Searing memories of long-ago fire

By Karen Zautyk
Observer Correspondent 


Intriguing photograph, isn’t it?

Who is that man? Where was that fire? And when?

Along with the old photos for The Observer’s ‘Then & Now’ feature, we sometimes receive a stand-alone picture that’s worth a story in itself. This is one.

The scene is Kearny Ave. — 5 Kearny Ave., to be specific. The date was March 21, 1963. And the man is longtime Kearny mayor, Joseph M. Healey, who was in office at the time and who apparently often went to the scene of local fires to offer support.

With the help of the Kearny Fire Department and one of the survivors of this inferno, we were able to gather info on the blaze, which destroyed the original Thompson’s Fish & Chips shop — the very first fish-and-chips shop to open in a town that would eventually have many.

The flames also destroyed the home of the Ostrom family, who occupied a “tiny apartment” in the back of the one-story building.

When the fire broke out that Thursday afternoon, father Bob Ostrom, mother Doris (who owned the shop) and two of their three children, daughters Doreen, 17, and Jarlynn, 13, were in that apartment behind the shop. Son Robert, 8, was at school.

Jarlynn Ostrom is now Jarlynn Hyde, the owner of Mid-Realty, and she shared the long-ago but naturally still-vivid memories of that day. Jarlynn and Doreen were home sick with the mumps and were in bed when they “heard a loud noise, and Dad went running” toward the sound, Hyde recalled. As soon as he opened the door to the shop’s kitchen, which also served as the family kitchen, there was smoke. The girls fled the apartment, barefoot and wearing only their pajamas.

The KFD’s records show that the first alarm came in at 1:51 p.m. from a call box (remember them?) at Johnston and Kearny Aves. Two engines and a truck company were immediately dispatched. More equipment would arrive shortly afterwards.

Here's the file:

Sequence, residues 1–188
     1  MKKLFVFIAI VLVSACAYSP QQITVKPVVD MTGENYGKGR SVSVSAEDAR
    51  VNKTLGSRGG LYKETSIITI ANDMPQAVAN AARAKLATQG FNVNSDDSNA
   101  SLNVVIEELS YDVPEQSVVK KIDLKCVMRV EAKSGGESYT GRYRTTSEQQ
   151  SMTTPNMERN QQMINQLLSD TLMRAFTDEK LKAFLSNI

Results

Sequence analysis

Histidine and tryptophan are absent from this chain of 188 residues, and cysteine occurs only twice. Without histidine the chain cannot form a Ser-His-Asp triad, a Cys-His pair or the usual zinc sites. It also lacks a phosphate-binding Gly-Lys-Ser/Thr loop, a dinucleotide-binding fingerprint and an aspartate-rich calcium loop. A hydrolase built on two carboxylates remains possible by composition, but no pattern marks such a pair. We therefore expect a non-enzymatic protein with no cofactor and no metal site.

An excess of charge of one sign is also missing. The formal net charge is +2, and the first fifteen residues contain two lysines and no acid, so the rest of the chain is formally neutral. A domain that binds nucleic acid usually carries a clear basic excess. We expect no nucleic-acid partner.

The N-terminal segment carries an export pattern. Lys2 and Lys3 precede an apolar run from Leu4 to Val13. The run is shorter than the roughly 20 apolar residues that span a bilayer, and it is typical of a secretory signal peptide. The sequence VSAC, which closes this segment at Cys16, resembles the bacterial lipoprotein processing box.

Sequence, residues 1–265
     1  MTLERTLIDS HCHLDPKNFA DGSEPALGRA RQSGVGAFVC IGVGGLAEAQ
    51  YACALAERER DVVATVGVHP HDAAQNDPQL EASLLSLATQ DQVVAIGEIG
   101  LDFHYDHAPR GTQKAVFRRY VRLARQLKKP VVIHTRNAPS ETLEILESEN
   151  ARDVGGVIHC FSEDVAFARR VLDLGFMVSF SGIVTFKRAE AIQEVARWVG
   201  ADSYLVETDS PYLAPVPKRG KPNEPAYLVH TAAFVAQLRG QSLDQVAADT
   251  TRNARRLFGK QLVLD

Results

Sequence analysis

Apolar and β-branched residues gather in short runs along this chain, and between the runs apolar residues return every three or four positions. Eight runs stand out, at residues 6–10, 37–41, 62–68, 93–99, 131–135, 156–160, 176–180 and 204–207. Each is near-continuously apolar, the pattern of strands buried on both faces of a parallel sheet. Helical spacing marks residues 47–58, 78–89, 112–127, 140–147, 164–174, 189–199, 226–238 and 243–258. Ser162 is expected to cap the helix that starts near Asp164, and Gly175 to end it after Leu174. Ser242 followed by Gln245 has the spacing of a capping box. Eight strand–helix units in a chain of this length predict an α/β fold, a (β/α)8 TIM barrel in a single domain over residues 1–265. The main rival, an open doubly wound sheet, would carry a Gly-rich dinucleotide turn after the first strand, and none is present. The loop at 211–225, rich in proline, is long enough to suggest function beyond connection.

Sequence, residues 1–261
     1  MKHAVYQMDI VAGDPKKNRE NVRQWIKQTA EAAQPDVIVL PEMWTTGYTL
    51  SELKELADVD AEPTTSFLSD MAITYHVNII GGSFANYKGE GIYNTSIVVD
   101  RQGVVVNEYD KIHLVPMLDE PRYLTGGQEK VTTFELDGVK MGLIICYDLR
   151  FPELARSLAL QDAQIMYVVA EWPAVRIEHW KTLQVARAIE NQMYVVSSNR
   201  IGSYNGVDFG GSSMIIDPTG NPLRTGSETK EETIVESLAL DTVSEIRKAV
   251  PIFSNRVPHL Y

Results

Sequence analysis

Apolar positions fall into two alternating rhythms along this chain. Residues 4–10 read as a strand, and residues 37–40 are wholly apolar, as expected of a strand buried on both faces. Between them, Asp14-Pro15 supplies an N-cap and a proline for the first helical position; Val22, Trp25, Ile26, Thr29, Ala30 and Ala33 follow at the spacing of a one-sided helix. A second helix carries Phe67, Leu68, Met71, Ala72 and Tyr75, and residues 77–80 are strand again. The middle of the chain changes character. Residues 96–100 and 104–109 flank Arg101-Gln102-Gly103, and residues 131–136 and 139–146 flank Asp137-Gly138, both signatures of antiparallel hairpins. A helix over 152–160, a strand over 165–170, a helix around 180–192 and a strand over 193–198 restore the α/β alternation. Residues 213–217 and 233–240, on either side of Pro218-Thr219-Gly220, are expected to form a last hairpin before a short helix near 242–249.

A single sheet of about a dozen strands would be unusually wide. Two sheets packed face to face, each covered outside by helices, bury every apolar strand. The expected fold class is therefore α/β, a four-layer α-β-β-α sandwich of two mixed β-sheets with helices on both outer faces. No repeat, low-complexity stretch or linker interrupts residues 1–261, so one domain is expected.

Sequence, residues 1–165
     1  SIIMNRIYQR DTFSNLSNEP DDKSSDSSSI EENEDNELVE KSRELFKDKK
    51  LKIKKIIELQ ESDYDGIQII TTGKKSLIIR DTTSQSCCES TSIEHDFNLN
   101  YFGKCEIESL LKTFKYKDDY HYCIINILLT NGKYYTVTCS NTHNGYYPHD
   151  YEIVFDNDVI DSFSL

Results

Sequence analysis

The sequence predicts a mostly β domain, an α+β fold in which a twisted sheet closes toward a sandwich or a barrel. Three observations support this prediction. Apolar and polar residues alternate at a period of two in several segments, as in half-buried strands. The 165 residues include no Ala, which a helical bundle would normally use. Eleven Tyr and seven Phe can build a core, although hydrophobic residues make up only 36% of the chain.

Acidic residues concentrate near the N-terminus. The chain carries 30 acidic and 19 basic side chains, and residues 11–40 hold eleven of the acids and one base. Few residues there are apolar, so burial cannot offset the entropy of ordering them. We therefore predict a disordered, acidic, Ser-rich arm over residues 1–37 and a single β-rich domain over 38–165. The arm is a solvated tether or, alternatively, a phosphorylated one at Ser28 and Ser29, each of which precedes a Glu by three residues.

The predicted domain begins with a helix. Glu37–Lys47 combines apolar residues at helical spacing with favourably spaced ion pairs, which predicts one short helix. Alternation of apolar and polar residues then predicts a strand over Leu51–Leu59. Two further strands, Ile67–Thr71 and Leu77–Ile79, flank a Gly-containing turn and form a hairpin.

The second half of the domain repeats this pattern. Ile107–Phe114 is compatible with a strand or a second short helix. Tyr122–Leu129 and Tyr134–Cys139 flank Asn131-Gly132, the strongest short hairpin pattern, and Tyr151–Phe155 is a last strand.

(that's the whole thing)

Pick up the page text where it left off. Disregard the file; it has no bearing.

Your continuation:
Hyde said that her father “had grabbed fire extinguishers, but was overcome by smoke.”

“My mother and others dragged him out,” Hyde said. “We had to literally drag him out.” In addition to the smoke inhalation, Bob Ostrom had also suffered suffered a back injury.

But the rest of the family escaped unharmed. At least physically.

“We lost everything,” Hyde said. “The whole building was totally destroyed. It was total devastation.”

The fire was declared under control sometime before 3:42 p.m., but KFD crews, under the direction of Fire Chief John Sherlock and Assistant Chief John J. Kennedy, remained at the scene for about five hours.

Hyde said it was thought that the cause of the blaze was electrical, compounded by the kitchen oil used to fry the fish and chips.

In the aftermath, “neighbors brought us food and clothing,” a still-grateful Hyde said, recalling particularly one woman who arrived with clothing for Hyde and her pajama-clad sister.

Left homeless, the Ostroms rented a three-room apartment in the Gen. Kearny Apartments on Belgrove Drive.

In other hands, the fire might have meant the end of Thompson’s, but as those who recall the shop fondly know, it made a comeback.

In 1963, Thompson’s had already been in Kearny for 50 years. Hyde’s aunt had bought the business and the building from the original owner, and Hyde’s mother, Doris, later purchased it. She was not about to give up.

Mrs. Ostrom obtained a loan to rebuild from Nutley Savings. On Feb. 12, 1964 (Ash Wednesday, by the way) — less than a year after the disaster — Thompson’s reopened on the same site.

The new building also had two apartments, one on the second floor for the Ostroms and a rental unit in the back.

Thompson’s Fish & Chips continued to serve the Kearny community for nearly four more decades, closing its doors for good in August 2000.

The Ostoms’ younger son, Arthur — who was born after the fire — opened Thompson’s shops in Sea Bright and Belmar, but these have closed.

As for the undaunted, indefatigable Doris Ostrom, she finally retired from the business world in 2000. At age 75.

Noting her mom’s entrepreneurship, and success, in an era when a businesswoman was a rarity, Hyde said, “She was definitely a woman ahead of her time.”

(Editor’s note: For those of you wondering about that car in the photograph, it is a brand-new 1963 Chrysler Newport, which looks about half-a-block long.)

The Observer Staff